The first 3D printer made by Inkbit, a startup out of MIT, uses machine vision and artificial intelligence to expand the range of materials it can print with, bringing all the benefits of 3-D printing to a slew of products that have never been printed before.

The co-founders have been working on a printer so functional that it could print up to ten materials at once—with a design that earned funding from the MIT Deshpande Center. The first Inkbit printer featured the unique set of ‘eyes’ they have been determined to perfect, which mean refining the underlying scanning system.

According to Marini they ‘bit the bullet’ in customizing a scanner that is now ‘100 times faster than anything else on the market today.’

The vision system and the machine-learning system work in tandem to correct issues like shrinkage, and prototypes and innovative new products that are meant to be functional can be 3D printed on the same machine. Their industrial version has a stunning 16 print heads to ensure a voluminous amount of production, along with the capability to print in multiple materials.

“Before, people could make prototypes with multimaterial printers, but they couldn’t really manufacture final parts,” Matusik says, noting that the postprocessing of Inkbit’s parts can be fully automated. “This is something that’s not possible using any other manufacturing methods.

“Some of this is so far ahead of its time. I think it will be really fascinating to see how people are going to use it for final products.”

Inkbit’s 3D printer can produce multimaterial objects (like the pinch valve shown above) at high volumes. (Photo: Courtesy of Inkbit)

The need for more intuitive 3D printing hardware and software continues to grow, as some of the brightest minds in engineering, design, research and more focus on the use of more complex features such as artificial intelligence for image recognition, robotics in manufacturing, and drones for mapping information. What do you think of this news? Let us know your thoughts! Join the discussion of this and other 3D printing topics at 3DPrintBoard.com.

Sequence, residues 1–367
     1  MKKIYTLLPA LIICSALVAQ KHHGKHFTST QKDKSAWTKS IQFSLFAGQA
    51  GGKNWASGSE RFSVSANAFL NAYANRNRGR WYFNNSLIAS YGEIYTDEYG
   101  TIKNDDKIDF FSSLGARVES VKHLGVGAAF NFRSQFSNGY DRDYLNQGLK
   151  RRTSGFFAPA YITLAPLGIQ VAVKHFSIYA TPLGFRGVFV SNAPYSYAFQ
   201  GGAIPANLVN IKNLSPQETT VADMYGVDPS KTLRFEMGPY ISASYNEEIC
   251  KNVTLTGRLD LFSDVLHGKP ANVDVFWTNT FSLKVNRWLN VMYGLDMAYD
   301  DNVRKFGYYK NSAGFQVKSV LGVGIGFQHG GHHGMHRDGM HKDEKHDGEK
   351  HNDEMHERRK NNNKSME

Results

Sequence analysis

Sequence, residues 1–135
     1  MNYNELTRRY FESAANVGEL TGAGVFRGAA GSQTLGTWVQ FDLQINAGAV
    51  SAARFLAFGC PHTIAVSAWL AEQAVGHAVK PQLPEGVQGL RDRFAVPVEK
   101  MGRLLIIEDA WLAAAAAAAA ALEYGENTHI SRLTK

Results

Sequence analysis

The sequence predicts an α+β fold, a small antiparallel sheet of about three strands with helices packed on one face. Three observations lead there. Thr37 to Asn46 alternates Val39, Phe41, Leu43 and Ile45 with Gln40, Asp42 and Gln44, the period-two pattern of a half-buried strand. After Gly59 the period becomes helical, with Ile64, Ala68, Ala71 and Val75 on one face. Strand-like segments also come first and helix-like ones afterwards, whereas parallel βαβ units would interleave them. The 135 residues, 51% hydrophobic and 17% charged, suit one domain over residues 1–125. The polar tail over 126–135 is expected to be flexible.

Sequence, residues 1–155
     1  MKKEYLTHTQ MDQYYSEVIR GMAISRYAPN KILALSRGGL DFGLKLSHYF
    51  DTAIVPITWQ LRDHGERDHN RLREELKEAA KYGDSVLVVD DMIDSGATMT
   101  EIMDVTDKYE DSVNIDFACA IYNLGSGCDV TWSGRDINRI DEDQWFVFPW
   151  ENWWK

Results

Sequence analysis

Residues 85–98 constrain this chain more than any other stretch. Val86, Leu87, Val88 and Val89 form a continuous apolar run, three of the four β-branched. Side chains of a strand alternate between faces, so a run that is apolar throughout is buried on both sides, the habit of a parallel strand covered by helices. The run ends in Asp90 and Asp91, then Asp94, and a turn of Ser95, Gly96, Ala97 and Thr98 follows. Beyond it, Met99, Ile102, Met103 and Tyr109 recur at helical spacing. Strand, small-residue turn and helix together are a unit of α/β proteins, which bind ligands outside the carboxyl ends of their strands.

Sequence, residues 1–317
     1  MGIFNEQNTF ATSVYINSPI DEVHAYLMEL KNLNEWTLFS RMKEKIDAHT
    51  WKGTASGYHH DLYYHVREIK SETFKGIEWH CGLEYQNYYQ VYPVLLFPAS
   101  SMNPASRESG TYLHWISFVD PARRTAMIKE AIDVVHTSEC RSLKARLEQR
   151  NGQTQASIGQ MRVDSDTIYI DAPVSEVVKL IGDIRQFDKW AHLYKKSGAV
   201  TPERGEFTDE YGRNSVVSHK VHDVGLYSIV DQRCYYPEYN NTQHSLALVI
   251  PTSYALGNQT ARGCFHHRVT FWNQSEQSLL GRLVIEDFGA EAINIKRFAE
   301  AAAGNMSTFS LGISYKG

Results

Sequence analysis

[Source: MIT News; Photos: Inkbit]

Share this Article

Recent News

GE Additive Partnership to Establish BEAMIT Metal 3D Printing Powerhouse

Design for Disruption: 3D Printing Design for Installation


3D Design

3D Printed Art

3D Printed Food

3D Printed Guns

You May Also Like

Dream 3D Printing Soonicorns: Essentium, ICON & More

As of July 2021, 291 companies achieved the coveted mythical $1 billion status, far surpassing any previous year’s peak, according to financial platform Crunchbase. With 2021 proving to be a...

Massive 3D Printed Park Erected in Shenzen, China

Forget the mutually reinforcing buildup of their respective militaries – the real battle between the United States and China is in the field of 3D printing! You’ve probably heard of...


3D Printing Innovator’s Roundtable Webinar: Ditching DfAM and Embracing Design Freedom

In an industry where change is constant and unpredictable, professionals across the manufacturing industry have turned to additive manufacturing (AM) to overcome design and supply chain challenges. But conventional AM...

Startup Accelerator, Singapore: Dental 3D Printing, Services, and More

This is the eighth article detailing the 3D printing startup scene in Singapore. Teehee Dental Works Teehee Dental Works is a dental lab and dentist with a difference. Along with...


View our broad assortment of in house and third party products.